The U.S. Department of Justice intervened last week in a price-fixing lawsuit against some of the nation’s biggest poultry companies. The Fern Dot Org website says that could signal that the department’s own grand jury investigation into the chicken sector might result in criminal indictments. The Justice Department asked the U.S. District Court in northern Illinois to stop discovery in a class-action lawsuit brought by food distributor Maplevale Farm, saying in a motion that a “limited stay is needed to protect the grand jury’s investigation.” The stay applies to all “defendant employee and former employee depositions” and was granted on a temporary basis. There will be a hearing later this week on the DOJ request for a six-month stay. A professor at the University of Wisconsin-Madison law school calls the development “significant.” The investigation signals that the DOJ feels “there are serious violations here that require the grand jury inquiry and the potential for criminal indictments.” The lawsuit alleges that the companies colluded on price hikes by relying on Agri Stats, a secretive information sharing service used by poultry companies. The suit also says those companies manipulated prices up to artificially high levels.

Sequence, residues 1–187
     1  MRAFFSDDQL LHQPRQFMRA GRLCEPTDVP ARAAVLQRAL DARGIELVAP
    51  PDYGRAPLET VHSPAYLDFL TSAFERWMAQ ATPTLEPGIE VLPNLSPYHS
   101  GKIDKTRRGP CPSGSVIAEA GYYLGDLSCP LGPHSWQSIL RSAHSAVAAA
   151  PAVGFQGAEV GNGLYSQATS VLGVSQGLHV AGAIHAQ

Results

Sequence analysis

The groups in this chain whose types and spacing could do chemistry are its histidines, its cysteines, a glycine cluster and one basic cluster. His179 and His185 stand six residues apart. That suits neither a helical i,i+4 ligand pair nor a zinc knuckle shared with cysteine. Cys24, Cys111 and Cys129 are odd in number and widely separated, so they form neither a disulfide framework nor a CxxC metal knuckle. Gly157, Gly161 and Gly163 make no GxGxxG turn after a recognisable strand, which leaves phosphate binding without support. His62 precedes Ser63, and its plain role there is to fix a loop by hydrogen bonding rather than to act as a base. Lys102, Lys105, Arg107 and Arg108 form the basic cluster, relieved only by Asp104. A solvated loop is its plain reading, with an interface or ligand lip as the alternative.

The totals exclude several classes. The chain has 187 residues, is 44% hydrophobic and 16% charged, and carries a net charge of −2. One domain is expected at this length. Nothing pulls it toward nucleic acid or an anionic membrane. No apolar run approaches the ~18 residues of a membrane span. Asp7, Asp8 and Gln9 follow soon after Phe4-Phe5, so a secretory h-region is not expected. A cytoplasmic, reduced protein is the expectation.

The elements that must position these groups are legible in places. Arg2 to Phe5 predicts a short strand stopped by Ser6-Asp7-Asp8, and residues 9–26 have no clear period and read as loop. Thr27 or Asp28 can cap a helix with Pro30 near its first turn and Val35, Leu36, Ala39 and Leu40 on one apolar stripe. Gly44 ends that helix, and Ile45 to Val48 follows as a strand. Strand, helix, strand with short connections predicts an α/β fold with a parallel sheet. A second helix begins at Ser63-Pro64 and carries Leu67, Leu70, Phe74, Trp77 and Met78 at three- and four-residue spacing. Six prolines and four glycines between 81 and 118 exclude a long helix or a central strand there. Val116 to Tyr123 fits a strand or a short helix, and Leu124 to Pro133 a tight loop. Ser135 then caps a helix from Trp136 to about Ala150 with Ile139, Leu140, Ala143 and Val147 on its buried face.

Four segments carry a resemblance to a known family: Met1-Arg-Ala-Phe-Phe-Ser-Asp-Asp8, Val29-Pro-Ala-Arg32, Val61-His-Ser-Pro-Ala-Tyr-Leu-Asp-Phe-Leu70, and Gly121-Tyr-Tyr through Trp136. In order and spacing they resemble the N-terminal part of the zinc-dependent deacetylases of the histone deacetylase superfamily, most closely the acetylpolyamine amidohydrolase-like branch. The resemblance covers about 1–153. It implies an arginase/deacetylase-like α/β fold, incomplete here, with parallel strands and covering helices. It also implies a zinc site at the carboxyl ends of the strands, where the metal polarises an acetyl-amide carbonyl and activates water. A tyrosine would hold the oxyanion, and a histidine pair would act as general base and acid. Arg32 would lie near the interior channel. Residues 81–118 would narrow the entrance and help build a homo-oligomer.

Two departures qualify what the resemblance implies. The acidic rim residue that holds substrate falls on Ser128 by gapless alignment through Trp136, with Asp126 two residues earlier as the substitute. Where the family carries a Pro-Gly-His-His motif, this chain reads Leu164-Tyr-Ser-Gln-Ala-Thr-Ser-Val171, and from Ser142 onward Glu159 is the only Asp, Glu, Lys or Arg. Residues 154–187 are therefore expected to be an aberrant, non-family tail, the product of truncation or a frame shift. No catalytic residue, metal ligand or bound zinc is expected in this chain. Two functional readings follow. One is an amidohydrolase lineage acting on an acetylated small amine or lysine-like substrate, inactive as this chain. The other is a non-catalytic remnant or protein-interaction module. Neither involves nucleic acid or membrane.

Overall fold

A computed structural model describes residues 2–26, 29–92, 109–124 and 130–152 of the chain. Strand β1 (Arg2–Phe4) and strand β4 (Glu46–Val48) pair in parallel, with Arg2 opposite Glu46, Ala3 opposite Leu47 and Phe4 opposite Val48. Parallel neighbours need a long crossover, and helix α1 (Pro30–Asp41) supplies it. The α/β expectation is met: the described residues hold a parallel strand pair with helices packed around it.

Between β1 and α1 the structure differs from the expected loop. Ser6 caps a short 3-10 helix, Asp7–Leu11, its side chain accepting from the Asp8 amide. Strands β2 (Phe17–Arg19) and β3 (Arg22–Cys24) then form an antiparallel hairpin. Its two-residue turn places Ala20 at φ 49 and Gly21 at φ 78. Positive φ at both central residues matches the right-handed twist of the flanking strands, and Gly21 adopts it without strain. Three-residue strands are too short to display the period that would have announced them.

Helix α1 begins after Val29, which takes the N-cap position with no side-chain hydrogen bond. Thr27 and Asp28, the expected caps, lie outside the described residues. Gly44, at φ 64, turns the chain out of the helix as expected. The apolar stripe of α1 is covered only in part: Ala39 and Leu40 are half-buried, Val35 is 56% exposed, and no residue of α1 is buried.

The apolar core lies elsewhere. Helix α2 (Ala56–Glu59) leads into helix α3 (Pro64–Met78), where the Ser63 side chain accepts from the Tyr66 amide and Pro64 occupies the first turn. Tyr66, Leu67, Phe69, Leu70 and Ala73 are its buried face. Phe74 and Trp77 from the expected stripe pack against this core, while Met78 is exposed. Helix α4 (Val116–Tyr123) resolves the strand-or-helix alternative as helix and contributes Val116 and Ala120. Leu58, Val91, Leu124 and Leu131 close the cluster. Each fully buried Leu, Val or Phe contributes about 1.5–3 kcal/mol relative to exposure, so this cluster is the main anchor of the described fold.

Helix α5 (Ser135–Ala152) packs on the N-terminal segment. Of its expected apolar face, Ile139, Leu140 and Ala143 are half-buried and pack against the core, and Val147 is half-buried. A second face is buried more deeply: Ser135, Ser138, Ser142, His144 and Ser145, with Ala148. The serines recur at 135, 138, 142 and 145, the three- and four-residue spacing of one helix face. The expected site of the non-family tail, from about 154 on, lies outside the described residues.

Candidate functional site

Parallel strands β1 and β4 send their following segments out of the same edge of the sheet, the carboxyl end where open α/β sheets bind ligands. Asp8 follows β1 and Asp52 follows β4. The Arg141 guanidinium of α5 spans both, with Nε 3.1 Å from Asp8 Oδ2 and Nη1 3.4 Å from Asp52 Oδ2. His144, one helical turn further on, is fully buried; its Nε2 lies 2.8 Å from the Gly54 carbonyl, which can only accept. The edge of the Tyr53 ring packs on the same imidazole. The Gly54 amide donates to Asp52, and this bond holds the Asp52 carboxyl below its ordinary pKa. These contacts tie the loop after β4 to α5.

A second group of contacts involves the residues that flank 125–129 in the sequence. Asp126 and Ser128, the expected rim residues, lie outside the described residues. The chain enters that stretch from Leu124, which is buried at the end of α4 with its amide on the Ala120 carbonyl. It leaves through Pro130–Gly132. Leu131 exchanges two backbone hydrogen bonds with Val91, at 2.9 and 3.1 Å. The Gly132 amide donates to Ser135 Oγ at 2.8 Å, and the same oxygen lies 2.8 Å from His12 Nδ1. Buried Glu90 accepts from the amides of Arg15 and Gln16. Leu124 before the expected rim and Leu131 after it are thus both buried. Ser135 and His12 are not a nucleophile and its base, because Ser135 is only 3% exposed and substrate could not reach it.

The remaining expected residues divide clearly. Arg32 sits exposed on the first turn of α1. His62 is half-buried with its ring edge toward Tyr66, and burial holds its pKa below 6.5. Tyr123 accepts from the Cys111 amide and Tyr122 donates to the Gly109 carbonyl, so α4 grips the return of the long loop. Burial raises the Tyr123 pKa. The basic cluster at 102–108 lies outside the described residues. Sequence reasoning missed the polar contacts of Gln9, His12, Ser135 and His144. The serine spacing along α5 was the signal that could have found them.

Farmers’ Working Capital “Critically Low”
The agriculture sector is suffering from working capital that’s fallen to critically low levels. That news is from the forecasting firm Agricultural Economic Insights. The firm recently analyzed data put out by the Economic Research Service, saying the declines in working capital are stark. Brent Gloy, a Nebraska farmer and economist, writes that “Working capital is projected to fall by 25 percent from last year to this year. This is right on the heels of a 30 percent decline from 2017 through 2018.” Gloy says the current level of working capital amounts to just 31 percent of what was available back in 2014. It’s only 23 percent of the working capital that was available in 2012. He says, “The Market Facilitation Payments are large enough to actively move the needle on financial conditions in the Ag sector. However, they will clearly not rebuild working capital to levels that are necessary to give long-term financial stability to the American agricultural sector.” Gloy also says the declines in the farm sector’s working capital are substantial and should cause some serious concerns about the financial health of the farm sector.